“If you just like champagne and parties you’re going to get seen through quickly.”

If that’s a direction you’re keen to head in, Tim Maxwell lays out a few essentials. “It’s important to have an interest in the law as well as the art. If you’re interested in curating, do that.” Our sources also advise “getting as wide an experience” as possible as a practice foundation. “As an art lawyer you’re not always specialist,” Maxwell muses, “but you’re in a sector which means you get drawn into various areas.” Explain? “For example, galleries may need advice about property or employment.” He unsurprisingly advises that you should have an “interest in the art world itself, spending time with genuine experts to learn more. If you just like champagne and parties you’re going to get seen through quickly.” On a more practical note, Capildeo suggests “getting a strong grounding in IP” as art, music and film are all good examples of intellectual property.

Current issues

Updated October 2023

  • With a recession looming, art may seem more a luxury than a commodity. However, according to Forbes, art is a potentially ideal investment during turbulent economic times. As with every commodity, art peaks and troughs but art averages out at returns of 7.6%, which is nothing to be sneezed at, and, importantly, isn’t affected by financial market volatility.
  • African art is experiencing a global boom, and as of December 2022 its fine art market is valued at just over $1.8 billion. Visibility is increasing because of digital platforms such as galleries, with immersive exhibitions, as well as AI and NFTs which are expanding opportunities.  
  • Following the discussion of digital art, artificial intelligence (AI) is proving to be a significant challenge to the industry, undeniably so. This year, Getty Images filed a suit against image generator Stable Diffusion, alleging that the company has copied over 12 million photos, various captions, and metadata without permission for AI training. As described by Forbes, ‘many of the examples also include hauntingly weird anatomy’, as the AI distorts the original image. The suit argues that this damages Getty’s brand image. Companies are now seeking clarity over intellectual property matters, and this is an example of numerous cases pending against AI generators such as Midjourney and DeviantArt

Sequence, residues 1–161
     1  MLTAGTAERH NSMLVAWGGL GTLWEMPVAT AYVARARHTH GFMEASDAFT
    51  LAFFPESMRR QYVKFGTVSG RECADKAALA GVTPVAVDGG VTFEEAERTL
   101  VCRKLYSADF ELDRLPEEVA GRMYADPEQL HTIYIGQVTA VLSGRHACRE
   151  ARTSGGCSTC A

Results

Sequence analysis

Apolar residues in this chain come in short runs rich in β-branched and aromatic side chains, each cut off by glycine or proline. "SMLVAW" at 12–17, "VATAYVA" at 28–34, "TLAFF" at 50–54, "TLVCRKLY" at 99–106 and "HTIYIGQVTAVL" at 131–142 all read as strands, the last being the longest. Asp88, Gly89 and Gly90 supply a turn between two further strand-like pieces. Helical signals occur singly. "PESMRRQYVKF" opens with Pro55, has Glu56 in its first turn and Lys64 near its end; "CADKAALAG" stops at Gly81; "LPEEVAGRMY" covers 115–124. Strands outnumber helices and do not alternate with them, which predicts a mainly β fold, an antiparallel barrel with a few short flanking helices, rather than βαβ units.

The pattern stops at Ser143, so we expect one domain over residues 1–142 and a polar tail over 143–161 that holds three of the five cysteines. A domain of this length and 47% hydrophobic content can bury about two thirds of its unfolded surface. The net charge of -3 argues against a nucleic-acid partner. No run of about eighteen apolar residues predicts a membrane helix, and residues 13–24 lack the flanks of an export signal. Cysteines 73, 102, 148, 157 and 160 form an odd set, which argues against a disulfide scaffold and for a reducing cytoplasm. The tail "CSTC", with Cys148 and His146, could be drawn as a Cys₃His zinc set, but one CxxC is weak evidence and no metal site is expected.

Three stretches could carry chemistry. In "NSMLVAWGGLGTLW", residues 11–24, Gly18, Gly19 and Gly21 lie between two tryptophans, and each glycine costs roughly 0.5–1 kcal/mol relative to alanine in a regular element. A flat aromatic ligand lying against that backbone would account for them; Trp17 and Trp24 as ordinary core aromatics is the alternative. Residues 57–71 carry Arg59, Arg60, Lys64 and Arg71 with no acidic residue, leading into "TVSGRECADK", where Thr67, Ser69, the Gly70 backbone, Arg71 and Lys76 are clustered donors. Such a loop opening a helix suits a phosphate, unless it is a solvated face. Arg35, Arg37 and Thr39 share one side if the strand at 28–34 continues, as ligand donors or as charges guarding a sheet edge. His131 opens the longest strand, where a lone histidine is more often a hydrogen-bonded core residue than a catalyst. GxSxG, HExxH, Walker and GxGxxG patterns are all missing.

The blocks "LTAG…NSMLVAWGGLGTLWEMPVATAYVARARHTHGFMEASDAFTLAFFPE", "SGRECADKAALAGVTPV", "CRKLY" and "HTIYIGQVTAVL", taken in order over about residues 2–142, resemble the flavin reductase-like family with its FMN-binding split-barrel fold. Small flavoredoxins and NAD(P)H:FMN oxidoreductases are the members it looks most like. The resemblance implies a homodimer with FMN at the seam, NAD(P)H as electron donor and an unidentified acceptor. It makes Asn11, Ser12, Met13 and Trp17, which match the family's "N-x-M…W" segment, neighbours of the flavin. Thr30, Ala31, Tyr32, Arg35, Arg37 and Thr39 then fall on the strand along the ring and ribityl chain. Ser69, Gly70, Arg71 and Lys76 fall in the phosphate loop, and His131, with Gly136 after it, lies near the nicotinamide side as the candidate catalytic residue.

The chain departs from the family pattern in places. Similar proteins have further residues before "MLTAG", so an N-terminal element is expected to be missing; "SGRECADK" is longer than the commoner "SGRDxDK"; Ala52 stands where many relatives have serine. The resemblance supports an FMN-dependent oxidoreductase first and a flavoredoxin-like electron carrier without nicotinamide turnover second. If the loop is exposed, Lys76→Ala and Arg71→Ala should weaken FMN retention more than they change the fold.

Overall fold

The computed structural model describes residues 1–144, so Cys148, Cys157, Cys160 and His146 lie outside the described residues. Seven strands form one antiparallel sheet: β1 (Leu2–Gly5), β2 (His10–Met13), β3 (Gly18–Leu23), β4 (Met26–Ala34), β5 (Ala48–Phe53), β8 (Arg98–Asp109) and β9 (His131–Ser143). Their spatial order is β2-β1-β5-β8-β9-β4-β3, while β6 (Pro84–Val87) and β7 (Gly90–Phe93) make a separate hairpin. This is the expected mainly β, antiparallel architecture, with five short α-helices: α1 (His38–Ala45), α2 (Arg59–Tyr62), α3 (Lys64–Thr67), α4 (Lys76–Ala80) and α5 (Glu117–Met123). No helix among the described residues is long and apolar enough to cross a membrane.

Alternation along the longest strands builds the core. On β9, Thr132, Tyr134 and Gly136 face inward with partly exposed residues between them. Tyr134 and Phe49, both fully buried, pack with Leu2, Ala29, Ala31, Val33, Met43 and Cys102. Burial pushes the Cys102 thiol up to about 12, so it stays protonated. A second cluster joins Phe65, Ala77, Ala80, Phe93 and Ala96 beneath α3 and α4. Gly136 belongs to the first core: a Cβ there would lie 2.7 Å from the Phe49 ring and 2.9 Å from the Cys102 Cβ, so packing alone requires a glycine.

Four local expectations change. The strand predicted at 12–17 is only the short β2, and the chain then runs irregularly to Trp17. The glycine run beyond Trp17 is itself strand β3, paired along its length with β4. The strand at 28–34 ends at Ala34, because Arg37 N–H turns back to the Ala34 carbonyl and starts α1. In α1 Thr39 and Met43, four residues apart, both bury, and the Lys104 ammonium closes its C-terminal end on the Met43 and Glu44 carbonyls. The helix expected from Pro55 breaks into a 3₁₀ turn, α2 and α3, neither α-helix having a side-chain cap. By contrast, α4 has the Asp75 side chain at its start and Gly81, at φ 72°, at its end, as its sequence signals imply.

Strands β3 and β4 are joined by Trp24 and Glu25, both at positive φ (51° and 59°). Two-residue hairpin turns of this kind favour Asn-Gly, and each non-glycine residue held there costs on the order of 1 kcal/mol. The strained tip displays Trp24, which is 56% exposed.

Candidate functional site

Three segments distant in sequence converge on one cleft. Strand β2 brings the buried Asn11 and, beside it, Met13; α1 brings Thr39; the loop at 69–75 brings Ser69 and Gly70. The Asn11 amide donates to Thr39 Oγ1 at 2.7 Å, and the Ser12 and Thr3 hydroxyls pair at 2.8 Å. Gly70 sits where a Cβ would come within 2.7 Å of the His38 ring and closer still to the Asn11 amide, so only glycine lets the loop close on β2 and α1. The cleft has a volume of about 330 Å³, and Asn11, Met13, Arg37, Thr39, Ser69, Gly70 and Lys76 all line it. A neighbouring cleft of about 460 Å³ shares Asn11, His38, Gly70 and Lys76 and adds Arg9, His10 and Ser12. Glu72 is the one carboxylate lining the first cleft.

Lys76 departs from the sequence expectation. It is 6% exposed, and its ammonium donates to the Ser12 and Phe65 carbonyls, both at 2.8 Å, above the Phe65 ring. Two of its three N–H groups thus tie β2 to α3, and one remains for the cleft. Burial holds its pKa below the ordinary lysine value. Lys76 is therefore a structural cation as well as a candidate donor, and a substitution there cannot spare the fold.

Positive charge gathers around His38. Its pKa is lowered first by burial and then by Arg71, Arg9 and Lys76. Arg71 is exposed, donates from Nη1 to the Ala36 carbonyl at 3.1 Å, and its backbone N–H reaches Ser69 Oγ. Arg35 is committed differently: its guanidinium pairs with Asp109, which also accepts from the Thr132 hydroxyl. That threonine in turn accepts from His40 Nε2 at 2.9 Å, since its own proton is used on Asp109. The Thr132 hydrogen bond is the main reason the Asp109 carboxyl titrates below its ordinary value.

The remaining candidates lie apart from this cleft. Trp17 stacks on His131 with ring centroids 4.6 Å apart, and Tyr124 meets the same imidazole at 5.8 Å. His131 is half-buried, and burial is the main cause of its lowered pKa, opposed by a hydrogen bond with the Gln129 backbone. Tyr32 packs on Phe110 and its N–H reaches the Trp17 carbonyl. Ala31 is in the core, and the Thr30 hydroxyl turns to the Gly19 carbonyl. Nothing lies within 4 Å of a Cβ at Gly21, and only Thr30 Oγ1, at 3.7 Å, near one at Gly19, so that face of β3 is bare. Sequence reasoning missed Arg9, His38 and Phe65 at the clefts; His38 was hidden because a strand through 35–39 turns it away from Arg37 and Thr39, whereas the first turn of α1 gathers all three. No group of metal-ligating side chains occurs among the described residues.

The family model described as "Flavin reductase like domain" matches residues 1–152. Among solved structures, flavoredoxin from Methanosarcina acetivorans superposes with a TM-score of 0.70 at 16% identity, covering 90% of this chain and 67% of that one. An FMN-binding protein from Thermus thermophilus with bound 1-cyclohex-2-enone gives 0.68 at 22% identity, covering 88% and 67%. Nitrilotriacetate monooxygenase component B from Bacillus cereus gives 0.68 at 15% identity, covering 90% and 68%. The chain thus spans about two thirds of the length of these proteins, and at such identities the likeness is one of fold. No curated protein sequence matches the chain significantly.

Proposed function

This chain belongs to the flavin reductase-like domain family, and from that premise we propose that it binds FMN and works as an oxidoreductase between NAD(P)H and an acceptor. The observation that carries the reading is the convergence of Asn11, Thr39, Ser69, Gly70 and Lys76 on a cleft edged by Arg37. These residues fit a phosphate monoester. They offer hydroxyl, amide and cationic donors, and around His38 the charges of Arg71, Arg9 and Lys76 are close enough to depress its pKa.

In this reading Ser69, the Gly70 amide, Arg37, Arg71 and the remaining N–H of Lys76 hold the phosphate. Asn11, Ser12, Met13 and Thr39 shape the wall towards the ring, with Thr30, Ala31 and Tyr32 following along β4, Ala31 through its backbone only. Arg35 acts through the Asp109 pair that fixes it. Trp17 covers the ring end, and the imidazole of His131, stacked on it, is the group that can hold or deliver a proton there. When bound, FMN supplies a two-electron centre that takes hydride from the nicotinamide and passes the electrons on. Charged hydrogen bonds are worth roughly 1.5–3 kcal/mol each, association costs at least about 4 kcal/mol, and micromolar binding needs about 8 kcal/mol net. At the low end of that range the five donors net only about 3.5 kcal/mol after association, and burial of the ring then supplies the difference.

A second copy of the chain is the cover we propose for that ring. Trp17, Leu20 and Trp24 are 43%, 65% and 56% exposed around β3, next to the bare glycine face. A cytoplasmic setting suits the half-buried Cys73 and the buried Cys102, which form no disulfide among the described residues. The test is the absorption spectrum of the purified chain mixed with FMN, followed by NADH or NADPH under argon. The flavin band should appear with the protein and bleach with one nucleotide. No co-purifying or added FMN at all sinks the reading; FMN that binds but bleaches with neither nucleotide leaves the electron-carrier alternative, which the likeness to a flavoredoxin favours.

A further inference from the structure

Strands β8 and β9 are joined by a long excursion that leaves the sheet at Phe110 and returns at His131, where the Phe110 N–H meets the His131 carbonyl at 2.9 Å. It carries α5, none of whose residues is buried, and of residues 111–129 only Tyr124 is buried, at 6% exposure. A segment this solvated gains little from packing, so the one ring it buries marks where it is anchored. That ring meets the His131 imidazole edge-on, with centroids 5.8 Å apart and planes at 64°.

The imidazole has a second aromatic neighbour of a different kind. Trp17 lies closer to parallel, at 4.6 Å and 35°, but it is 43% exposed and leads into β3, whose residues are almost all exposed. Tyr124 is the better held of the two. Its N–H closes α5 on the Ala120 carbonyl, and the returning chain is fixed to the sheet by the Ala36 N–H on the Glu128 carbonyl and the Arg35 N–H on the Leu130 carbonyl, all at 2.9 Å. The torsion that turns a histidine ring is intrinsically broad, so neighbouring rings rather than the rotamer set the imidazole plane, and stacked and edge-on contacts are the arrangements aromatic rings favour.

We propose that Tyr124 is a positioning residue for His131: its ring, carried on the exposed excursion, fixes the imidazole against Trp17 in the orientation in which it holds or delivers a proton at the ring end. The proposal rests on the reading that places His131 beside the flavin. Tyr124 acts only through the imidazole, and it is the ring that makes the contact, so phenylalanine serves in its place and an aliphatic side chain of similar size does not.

• The biggest piece of recent news in the art world is undoubtedly NFTs. Non-Fungible Tokens are units of data stored on blockchain to certify that a digital asset is unique. These are being used for digital artworks (or anything else that might be represented digitally), and are also being deployed in relation to physical artworks, not least for verifying their provenance. However, some types of NFTs can be registered by anyone, meaning that digital theft of copyright is a risk. As so often with new markets, regulation trails behind innovation, and artists and content creators might be left out of pocket. 
  • Both Birk and Forbes note that street art is an emerging market to keep an eye out, with Forbes noting that the medium is popular among “younger millennial collectors in particular.” Another area to keep an eye on is the work of historic women artists, whose work is being recognised in the public domain and is seen as a valuable commodity.
  • Climate change isn’t a matter you’d immediately think would be affecting the art world. However, cultural sites and museum exhibits come under the ‘art law’ umbrella and global warming and extreme weather are seeing more and more world heritage sites under threat. With the recent movement towards repatriation of artifacts, the art world is discussing how we approach moving and saving these artifacts safely and sensitively. 
  • Talking of repatriation, it’s no secret that many Western museums hold artworks and artifacts that were taken from countries during colonial rule. There have been only very minor repatriation efforts. France, Belgium and Germany, have begun to send some art back to Africa.  In 2023, Glasgow Life became the first UK museum to repatriate objects to India. However, other countries have been reluctant to follow suit.  
  • Yet on the 31 October 2022, an unprecedented provision to the Charities Act will enable museums and galleries (as much function as charities) in England and Wales the ability to dispose of objects on a compelling moral basis via the transfer of trustees, which could have a significant impact in the years to come in terms of repatriation. Whereas, previously legislation such as the British Museum Act of 1963 meant objects could be returned only if it wasduplicate, damaged, or unfit to be retained and no longer of public interest. 
  • Stolen art is not a thing of the past, this year to combat it the FBI established a mobile app of all things, the National Stole Art File (NSAF) which can be used by the public to directly submit tips about missing/stolen art. It is not the first tool of its kind either with the 2014 Italian iTPCapp (acronym for Protection of Cultural Heritage) to fight against cultural heritage crime.